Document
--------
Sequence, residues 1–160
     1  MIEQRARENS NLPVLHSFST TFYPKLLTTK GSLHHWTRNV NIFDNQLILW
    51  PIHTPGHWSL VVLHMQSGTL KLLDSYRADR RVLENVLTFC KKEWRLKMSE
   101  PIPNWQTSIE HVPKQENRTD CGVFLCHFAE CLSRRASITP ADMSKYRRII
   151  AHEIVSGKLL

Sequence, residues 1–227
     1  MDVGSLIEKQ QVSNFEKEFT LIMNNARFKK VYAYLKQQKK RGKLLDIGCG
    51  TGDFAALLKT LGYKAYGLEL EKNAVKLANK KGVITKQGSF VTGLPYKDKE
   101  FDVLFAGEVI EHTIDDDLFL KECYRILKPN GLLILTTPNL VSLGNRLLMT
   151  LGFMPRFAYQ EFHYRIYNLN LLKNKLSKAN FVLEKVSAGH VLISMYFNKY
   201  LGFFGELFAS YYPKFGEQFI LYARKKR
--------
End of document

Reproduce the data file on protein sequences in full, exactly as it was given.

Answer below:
Sequence, residues 1–160
     1  MIEQRARENS NLPVLHSFST TFYPKLLTTK GSLHHWTRNV NIFDNQLILW
    51  PIHTPGHWSL VVLHMQSGTL KLLDSYRADR RVLENVLTFC KKEWRLKMSE
   101  PIPNWQTSIE HVPKQENRTD CGVFLCHFAE CLSRRASITP ADMSKYRRII
   151  AHEIVSGKLL

Sequence, residues 1–227
     1  MDVGSLIEKQ QVSNFEKEFT LIMNNARFKK VYAYLKQQKK RGKLLDIGCG
    51  TGDFAALLKT LGYKAYGLEL EKNAVKLANK KGVITKQGSF VTGLPYKDKE
   101  FDVLFAGEVI EHTIDDDLFL KECYRILKPN GLLILTTPNL VSLGNRLLMT
   151  LGFMPRFAYQ EFHYRIYNLN LLKNKLSKAN FVLEKVSAGH VLISMYFNKY
   201  LGFFGELFAS YYPKFGEQFI LYARKKR